I fall fuggest one bint in the way of advice to fathers and mothers, which, if they are pleased to attend to it, may perhaps fave some future trouble and vexation.

I would wish all parents to believe, that the human character begins to fix itself much earlier in life, than they are generally aware of. There is something very captivating in the dawning Ideas of our children; we are apt to flatter and dares them for their early vivacity ; we tell their smart sayings and repartees with a kind of triumph even in their presence, and the company we'tell them to are always polite enough to applaud and admire them. By thefe means we instil our own vanity into their infant minds, and push theis genius into prematurity. The

forwardforwardness, which this practice of our's is fure to create, passes off agreeably for a time; but, when infancy ceases, it begins to annoy us, and Mifs or Mafter appear insupportably pert. The parent then finds himself obliged to turn the other side of his countenance upon the witticisms of his child; this is not only a painful task, but probably a fruitless one ; for the child by this time has made its party, and can find its admirers elsewhere : Every obliging visitor makes intereft with the clever little creature ; the nursery, the kitchen, the stables echo with applause; it can chatter, or mimic, or act its tricks before the servants, and be sure of an audience: The mischief is done, and the parent may snub to no purpose.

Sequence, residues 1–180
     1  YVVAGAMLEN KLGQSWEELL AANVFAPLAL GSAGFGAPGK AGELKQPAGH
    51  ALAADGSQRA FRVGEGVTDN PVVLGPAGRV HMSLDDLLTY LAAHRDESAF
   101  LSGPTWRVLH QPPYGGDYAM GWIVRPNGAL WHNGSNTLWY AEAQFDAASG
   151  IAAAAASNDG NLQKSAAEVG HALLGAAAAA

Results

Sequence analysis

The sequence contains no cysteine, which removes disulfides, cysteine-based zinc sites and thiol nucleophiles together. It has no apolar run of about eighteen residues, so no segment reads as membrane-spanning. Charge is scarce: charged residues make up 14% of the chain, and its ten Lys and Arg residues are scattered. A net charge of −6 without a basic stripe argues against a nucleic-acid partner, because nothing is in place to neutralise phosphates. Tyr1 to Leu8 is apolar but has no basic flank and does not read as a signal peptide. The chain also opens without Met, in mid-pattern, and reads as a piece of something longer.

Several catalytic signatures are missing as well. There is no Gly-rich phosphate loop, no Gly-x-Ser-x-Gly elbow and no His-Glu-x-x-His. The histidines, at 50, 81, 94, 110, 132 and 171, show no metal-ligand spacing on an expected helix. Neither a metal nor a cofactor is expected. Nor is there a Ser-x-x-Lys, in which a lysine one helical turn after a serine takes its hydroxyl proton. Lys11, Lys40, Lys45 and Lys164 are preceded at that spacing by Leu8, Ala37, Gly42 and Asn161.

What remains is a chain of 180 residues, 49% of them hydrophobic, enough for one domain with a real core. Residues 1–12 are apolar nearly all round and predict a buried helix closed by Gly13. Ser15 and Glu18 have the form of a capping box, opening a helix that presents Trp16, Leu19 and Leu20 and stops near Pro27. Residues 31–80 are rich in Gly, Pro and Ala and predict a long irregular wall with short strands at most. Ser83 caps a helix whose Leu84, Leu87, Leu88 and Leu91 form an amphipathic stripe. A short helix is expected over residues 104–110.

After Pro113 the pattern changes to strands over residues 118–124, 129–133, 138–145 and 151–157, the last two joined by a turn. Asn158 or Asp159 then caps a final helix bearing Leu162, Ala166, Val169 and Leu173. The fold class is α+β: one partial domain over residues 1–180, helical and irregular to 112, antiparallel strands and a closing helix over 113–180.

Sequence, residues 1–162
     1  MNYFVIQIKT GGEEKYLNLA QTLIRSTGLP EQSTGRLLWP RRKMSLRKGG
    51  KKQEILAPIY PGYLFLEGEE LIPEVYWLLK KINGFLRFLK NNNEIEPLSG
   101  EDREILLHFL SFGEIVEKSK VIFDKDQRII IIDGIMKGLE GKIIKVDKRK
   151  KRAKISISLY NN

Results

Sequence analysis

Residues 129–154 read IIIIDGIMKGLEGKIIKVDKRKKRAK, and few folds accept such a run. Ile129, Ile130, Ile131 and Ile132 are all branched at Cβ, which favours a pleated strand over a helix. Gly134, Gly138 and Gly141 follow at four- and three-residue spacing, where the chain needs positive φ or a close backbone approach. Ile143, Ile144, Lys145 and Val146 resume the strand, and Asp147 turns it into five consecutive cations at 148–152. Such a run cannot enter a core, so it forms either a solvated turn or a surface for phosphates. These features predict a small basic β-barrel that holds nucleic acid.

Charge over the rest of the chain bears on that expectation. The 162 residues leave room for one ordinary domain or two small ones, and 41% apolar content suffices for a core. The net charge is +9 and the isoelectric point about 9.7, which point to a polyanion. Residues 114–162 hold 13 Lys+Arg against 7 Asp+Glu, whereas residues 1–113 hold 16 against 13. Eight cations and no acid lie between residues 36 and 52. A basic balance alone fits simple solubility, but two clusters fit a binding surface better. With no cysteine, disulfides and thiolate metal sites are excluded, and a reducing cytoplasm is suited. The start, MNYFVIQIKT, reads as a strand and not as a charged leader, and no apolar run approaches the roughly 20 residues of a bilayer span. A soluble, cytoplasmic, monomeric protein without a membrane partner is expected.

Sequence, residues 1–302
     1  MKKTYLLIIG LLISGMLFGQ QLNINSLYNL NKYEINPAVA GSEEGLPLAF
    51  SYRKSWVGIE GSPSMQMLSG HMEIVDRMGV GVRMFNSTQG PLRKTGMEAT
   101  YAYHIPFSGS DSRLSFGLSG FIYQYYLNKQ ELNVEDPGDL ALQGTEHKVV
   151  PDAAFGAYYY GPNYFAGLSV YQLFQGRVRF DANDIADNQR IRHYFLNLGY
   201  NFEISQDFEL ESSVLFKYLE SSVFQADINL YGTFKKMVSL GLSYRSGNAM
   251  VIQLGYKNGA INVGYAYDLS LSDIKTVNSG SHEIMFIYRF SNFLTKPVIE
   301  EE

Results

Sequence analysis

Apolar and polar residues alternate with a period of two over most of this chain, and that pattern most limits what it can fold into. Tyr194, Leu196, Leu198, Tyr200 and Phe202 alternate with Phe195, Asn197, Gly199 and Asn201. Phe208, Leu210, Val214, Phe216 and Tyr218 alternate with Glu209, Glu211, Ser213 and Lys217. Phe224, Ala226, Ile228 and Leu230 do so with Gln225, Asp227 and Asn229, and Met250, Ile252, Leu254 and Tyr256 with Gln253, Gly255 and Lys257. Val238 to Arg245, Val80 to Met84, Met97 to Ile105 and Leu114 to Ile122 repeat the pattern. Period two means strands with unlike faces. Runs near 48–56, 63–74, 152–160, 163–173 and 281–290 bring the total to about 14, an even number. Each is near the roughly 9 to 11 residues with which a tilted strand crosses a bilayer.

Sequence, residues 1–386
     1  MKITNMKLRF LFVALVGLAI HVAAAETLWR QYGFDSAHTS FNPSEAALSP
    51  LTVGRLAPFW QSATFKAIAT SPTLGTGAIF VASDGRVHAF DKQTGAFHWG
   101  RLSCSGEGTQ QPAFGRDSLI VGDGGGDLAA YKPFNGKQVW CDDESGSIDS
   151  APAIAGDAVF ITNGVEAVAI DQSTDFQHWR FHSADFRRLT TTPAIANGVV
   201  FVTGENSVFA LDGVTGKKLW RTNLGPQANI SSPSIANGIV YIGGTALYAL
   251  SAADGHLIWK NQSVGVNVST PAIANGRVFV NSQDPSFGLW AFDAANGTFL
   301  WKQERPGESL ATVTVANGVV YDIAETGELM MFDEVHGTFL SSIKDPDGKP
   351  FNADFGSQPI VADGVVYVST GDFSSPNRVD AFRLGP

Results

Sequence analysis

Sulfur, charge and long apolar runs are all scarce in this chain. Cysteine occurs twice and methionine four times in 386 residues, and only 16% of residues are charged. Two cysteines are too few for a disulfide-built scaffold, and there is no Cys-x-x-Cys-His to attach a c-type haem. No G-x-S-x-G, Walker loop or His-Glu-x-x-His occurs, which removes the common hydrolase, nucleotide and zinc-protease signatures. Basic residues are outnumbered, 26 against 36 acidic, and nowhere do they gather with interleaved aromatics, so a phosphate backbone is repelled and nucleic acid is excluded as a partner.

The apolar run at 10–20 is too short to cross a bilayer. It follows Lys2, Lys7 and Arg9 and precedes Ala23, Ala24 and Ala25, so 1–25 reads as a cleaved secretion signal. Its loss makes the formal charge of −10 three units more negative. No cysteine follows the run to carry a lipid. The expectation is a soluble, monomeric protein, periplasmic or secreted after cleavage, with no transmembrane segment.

Let parents therefore first correct themselves, before they undertake that office for their children: Education is incompatible with self-indulgence, and the impulse of yanity is too often mistaken for the impulse of nature: When Miss is a wit, I am apt to suspect that her mother is not pyer-wise,